This is about the hottest planet in our universe: KELT-9b.
The hottest planet in our solar system is Venus.
So if you want to know more about the hottest planet in our universe is, you’re in the right place.
Let’s get right into it!
Table of Contents
- Hottest Planet in Our Universe
- Hottest of Hot Jupiters
- All in the Parent Star
- Weird Behaviors of KELT-9b
- Unlivable, but Worth It
Hottest Planet in Our Universe
Since confirming our first official exoplanet discovery in the early 1990s, we have spotted all shapes, sizes, speeds, and more.
However, a new champion for the hottest known planet was crowned in 2017, KELT-9b.
Hottest of Hot Jupiters
In our exoplanet search, it’s not uncommon to find Hot Jupiters, gas giant of Jupiter’s size and mass with a close, almost Mercury-like orbit around its star.
Often earning the alternate nickname, roasters, these planets clearly experience wildly hot temperatures.
Yet, the discovered KELT-9b has officially blown the competition away, experiencing daytime temperatures of 7,800º Fahrenheit.
In other words, KELT-9b is hotter than most stars. No, that’s not a typo.
Announced at the 230th meeting of the American Astronomical Society by B. Scott Gaudi (Ohio State) and Karen Collins (Vanderbilt University), KELT-9b was discovered during the KELT survey (Kilodegree Extremely Little Telescope).
KELT surveys the sky for abnormally bright and large stars, typically left unexplored by other exoplanet missions, like NASA’s Kepler.
At three times Jupiter’s mass and twice its size, even KELT’s small telescopes could spot KELT-9b orbiting its parent star.
All in the Parent Star
KELT-9b owes its record-setting temperatures mostly to its Sun, KELT-9.
The large A-type blue giant star is around 2.5 times our Sun’s mass.
However, KELT-9 produces staggering temperatures, blasting out lethal ultraviolet radiation.
The scorching radiation is causing the planet to simply evaporate as it orbits the star.
In fact, it may be losing 100 billion to 100 trillion grams of atmosphere per second, according to Gaudi. The evaporating material likely gives KELT-9b a comet-style tail.
Plus, the KELT-9 parent star rotates so rapidly that it takes on an egg-like shape (depicted in article feature image).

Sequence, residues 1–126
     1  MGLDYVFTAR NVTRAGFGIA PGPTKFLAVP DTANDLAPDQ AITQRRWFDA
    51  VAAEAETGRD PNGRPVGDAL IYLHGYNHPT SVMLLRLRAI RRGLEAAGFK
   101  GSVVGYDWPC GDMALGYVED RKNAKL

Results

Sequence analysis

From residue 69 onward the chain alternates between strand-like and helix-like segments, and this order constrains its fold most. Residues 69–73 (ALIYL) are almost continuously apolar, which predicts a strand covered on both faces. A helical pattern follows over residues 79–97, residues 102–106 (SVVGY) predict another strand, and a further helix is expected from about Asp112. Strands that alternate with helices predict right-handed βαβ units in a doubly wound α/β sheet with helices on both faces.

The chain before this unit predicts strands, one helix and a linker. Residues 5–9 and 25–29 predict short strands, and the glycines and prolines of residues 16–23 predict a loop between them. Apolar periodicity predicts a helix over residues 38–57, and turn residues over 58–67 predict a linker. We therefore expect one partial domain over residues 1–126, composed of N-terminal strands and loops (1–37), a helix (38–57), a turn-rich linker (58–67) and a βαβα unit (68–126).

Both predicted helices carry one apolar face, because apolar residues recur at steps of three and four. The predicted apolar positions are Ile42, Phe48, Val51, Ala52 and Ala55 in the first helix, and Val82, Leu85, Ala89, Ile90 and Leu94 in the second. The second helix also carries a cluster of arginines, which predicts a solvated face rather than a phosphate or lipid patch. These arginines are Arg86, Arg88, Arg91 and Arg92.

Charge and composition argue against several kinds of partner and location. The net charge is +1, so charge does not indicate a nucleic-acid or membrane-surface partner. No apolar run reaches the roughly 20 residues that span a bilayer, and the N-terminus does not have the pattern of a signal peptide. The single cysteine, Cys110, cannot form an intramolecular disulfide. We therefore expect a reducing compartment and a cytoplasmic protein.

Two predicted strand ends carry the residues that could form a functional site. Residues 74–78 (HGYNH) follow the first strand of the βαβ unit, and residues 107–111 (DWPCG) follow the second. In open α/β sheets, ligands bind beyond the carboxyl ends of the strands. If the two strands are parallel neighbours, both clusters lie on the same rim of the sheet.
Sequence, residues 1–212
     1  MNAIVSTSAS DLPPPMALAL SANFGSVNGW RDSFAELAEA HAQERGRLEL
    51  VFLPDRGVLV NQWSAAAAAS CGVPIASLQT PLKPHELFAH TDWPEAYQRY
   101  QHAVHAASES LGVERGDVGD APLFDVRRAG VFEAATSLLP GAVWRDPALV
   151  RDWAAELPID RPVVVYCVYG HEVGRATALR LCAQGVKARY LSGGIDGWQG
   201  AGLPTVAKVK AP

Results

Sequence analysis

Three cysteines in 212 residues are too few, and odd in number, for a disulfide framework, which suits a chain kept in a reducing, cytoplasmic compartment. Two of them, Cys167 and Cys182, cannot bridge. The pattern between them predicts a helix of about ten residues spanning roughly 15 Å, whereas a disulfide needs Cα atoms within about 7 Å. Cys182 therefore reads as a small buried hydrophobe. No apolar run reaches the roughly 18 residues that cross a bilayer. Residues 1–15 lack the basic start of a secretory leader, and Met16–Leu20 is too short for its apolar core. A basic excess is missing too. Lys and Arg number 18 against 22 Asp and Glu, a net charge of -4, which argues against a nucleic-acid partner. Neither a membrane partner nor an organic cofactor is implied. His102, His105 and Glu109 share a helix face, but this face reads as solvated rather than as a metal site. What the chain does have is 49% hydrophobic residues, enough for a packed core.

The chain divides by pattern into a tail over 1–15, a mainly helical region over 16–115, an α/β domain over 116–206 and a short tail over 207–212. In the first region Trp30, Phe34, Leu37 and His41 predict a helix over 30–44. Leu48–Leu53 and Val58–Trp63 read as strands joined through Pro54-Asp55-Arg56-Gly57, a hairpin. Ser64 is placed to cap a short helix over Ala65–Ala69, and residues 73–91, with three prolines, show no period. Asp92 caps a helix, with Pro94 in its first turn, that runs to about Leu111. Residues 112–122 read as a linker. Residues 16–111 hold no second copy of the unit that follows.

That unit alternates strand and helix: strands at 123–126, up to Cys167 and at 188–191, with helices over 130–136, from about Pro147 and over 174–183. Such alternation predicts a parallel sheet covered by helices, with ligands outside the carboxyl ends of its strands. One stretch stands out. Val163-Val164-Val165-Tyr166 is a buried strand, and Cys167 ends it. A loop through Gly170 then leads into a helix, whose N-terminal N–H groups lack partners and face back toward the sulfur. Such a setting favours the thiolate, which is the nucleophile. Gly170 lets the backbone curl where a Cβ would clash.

Actually, this same effect can be seen in our own solar system’s Saturn.
Weird Behaviors of KELT-9b
A planet slowly evaporating is strange enough. However, it is only one of many other odd things about KELT-9b.
KELT-9b is tidally locked with its Sun, meaning the same side constantly faces the star.
Our Moon is tidally locked with Earth, causing its so-called permanently “dark side.”
As a result, this side experiences the sweltering 7,800º temperatures.
Not to mention, molecules and potential for life are simply unable to be produced on this side.
Alternatively, the “dark side” of KELT-9b lies in eternal darkness. But, with the planet’s minuscule atmosphere, heat is likely not easily transferred from the daytime side.
As a result, the planet’s dark side is drastically “cooler.” However, under such radiation, the planet’s sheer surface temperature ensures truly hot conditions, regardless of side.
Existing so close to its Sun, like Mercury, KELT-9b orbits rapidly in only 1.5 days! Not all that uncommon, right? But, unlike most planets, KELT orbits perpendicular to its star’s axis of rotation.
In other words, the planet orbits over and under the star’s north and south poles. That is rather uncommon.
Unlivable, but Worth It
Indeed, this planet is completely unsuitable for human life as we know it. But, studying the mysterious planet is well worth our efforts.
According to Gaudi, Earth-like planets orbiting Sun-like stars are both desirable and relatively easy targets.
Yet, worlds like this help us learn how planetary systems form around hotter, brighter, more massive stars.
While living on KELT-9b may be out of the question, it may provide one more puzzle piece for understanding our fascinating universe.